How can I stop a PPI claims firm from selling my details to scammers?

6 December 2016


I have just been contacted by Help Your Claim regarding assisting me to claim for mis-sold payment protection insurance (PPI) policies. I gave it my past addresses and information about which banks I have banked with.

Afterwards I checked online and saw that some firms take that kind of information and sell it to scammers. If that’s the case, what can I do now that I have let the cat out of the bag? 



The first thing to do is find out if Help Your Claim is a genuine company or not. A quick Google search brings up a fairly reputable-looking website with a genuine address in Manchester.The same name and address can also be found listed on the Companies House and on the Ministry of Justice’s registers of regulated claims management firms. I spoke to Help Your Claim and the Claims Management Regulator.

It is a legitimate, regulated claims firm, but it is currently under investigation by the regulator for unprofessional conduct under regulation 35 of The Compensation (Claims Management Services) Regulations 2006.


Therefore, it would be advisable to terminate any agreement you have made with the firm, especially as, if Help Your Claim does find you have a claim for PPI, it will take 30% plus VAT of any payout you receive. Given that the process for claiming PPI is very straightforward, I wouldn’t pay what could be hundreds of pounds for this company to do it for you.

If it has been less than 14 days since you spoke to Help Your Claim, you are entitled to contact the firm and cancel your request without paying anything, which I would do if possible. If it has been more than 14 days, you can still stop the firm doing any further work on your behalf, but you may have to pay a fee for the work it has already undertaken.

In future, never give out personal details to cold-callers; simply hang up the phone. If you are concerned that you may have given out sensitive information, I would recommend you change all your internet passwords and keep an eye on your credit record to make sure no applications for finance are being made in your name.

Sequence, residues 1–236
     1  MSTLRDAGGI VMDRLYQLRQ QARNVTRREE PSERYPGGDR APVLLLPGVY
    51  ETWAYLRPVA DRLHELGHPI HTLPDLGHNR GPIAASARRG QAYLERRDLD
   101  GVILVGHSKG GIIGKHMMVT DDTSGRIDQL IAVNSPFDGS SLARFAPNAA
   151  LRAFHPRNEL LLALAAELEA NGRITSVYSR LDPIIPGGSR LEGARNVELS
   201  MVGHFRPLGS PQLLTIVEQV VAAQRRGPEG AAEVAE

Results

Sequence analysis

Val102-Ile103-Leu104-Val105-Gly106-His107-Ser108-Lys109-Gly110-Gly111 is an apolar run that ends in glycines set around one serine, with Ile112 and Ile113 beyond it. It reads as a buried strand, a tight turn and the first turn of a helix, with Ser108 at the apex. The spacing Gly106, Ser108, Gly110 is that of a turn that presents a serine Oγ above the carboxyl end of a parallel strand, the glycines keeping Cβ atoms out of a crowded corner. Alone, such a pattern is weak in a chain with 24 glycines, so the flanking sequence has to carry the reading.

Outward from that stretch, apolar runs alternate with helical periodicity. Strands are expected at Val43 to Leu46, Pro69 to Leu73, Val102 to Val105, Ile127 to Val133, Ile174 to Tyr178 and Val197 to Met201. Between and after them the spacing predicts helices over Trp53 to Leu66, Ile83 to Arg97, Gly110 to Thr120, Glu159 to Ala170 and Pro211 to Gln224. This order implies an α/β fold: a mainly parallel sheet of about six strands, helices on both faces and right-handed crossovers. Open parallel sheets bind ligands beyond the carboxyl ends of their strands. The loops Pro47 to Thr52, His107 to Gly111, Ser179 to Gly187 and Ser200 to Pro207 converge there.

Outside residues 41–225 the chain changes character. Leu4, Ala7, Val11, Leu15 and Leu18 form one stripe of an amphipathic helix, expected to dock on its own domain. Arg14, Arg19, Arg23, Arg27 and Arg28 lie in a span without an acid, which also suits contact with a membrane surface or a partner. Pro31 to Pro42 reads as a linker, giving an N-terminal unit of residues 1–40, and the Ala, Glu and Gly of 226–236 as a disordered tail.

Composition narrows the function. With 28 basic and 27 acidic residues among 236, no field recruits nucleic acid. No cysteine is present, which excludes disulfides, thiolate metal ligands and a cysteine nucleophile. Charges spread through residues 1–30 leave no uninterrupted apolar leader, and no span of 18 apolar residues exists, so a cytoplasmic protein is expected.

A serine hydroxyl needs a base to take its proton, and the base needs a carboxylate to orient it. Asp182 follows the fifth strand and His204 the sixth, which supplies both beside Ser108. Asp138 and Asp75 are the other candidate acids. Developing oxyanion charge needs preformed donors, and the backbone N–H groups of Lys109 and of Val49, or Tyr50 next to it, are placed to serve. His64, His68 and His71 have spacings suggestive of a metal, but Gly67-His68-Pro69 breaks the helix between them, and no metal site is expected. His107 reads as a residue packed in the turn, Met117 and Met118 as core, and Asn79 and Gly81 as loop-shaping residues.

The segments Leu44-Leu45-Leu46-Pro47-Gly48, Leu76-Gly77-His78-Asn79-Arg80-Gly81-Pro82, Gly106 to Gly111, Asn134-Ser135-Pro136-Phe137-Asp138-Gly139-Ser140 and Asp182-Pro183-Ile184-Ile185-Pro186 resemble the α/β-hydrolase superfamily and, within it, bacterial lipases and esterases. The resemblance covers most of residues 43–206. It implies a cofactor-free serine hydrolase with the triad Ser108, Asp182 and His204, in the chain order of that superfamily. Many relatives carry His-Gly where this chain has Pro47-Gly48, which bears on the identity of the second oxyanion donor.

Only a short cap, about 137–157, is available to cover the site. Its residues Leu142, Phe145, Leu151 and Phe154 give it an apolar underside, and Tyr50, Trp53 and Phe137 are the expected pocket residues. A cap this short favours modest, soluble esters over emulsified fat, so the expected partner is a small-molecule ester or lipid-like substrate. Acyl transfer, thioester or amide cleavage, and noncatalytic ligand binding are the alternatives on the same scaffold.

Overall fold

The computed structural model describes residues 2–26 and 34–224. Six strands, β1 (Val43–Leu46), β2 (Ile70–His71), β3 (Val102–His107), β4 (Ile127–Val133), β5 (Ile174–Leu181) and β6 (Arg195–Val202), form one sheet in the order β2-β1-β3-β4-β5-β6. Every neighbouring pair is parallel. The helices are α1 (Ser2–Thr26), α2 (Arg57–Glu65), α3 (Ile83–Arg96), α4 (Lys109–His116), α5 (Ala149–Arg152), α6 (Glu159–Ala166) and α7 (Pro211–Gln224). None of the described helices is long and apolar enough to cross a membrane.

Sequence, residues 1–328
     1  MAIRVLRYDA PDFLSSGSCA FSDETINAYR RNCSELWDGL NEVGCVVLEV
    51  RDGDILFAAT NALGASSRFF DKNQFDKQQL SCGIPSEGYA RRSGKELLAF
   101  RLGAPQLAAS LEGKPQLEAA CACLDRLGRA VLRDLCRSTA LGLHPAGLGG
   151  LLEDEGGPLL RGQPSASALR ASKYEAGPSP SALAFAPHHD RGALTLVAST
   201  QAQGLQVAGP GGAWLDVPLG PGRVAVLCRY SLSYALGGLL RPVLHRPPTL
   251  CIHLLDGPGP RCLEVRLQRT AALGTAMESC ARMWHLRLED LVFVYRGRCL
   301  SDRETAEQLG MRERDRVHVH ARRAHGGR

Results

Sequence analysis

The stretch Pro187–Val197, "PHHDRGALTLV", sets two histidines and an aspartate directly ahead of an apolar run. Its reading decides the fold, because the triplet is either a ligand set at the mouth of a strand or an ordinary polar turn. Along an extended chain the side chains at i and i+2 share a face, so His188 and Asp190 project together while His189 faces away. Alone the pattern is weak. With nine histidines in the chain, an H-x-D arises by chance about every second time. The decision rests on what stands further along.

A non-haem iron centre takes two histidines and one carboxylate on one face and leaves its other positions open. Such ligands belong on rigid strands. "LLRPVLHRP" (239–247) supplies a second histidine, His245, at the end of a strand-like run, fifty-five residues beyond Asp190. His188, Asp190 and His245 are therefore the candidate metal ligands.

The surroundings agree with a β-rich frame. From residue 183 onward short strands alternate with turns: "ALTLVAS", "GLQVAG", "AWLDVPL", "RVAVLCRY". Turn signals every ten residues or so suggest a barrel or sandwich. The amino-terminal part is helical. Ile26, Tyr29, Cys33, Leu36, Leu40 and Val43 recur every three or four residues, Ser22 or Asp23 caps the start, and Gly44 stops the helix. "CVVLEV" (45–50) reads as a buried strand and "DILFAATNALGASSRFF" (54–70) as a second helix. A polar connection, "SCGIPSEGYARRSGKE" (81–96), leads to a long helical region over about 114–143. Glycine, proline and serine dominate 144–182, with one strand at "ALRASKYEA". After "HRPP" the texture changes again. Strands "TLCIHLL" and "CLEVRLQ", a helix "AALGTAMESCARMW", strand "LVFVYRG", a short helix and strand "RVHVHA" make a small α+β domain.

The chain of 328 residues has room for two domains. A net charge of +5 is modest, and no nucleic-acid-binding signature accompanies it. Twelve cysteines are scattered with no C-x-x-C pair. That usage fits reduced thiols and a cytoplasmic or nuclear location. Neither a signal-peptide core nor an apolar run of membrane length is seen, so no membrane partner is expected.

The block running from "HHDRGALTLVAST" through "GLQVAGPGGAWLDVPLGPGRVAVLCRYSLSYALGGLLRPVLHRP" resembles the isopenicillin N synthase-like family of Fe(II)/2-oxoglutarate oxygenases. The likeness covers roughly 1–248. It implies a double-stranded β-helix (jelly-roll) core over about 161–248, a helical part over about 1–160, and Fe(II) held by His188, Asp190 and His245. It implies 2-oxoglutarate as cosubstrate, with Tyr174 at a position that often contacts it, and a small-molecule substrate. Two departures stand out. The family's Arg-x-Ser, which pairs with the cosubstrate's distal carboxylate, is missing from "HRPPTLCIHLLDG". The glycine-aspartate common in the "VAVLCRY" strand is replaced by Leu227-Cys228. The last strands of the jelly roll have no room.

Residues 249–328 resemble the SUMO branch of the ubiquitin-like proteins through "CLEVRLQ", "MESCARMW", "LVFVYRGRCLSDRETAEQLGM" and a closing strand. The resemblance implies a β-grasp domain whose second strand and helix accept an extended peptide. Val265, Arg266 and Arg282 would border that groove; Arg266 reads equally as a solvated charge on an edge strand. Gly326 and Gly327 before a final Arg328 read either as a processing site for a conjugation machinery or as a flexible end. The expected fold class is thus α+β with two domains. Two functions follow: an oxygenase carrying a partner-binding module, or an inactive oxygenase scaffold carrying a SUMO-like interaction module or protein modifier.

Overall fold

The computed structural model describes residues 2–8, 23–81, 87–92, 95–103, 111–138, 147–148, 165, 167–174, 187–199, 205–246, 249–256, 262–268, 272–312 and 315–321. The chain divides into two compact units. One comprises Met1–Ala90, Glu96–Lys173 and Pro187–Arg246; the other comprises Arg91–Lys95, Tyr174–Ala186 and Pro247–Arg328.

How to reclaim PPI

For years banks and building societies sold payment protection insurance (PPI) alongside credit cards, loans and finance agreements. The idea was that it would kick in and cover payments if you were ill or unemployed.

The problem is it was widely mis-sold to people who would never have been able to claim due to limitations in the small print. As a result, people have been able to reclaim millions of pounds of premiums.

Find out if you are due a refund by firstly contacting your bank or building society to see if you were sold PPI. If you were, was it explained properly to you and did the seller make sure the product was appropriate for your circumstances? If you don’t think it was, you can contact the company that sold you PPI and ask for a refund.

You should hear back from it either rejecting your request or making you an offer. If you are happy with the amount, take it. Otherwise, you can take your complaint to the free Financial Ombudsman Service.

You can find a template letter to send to your bank asking for a PPI refund on our page How to reclaim your PPI premiums.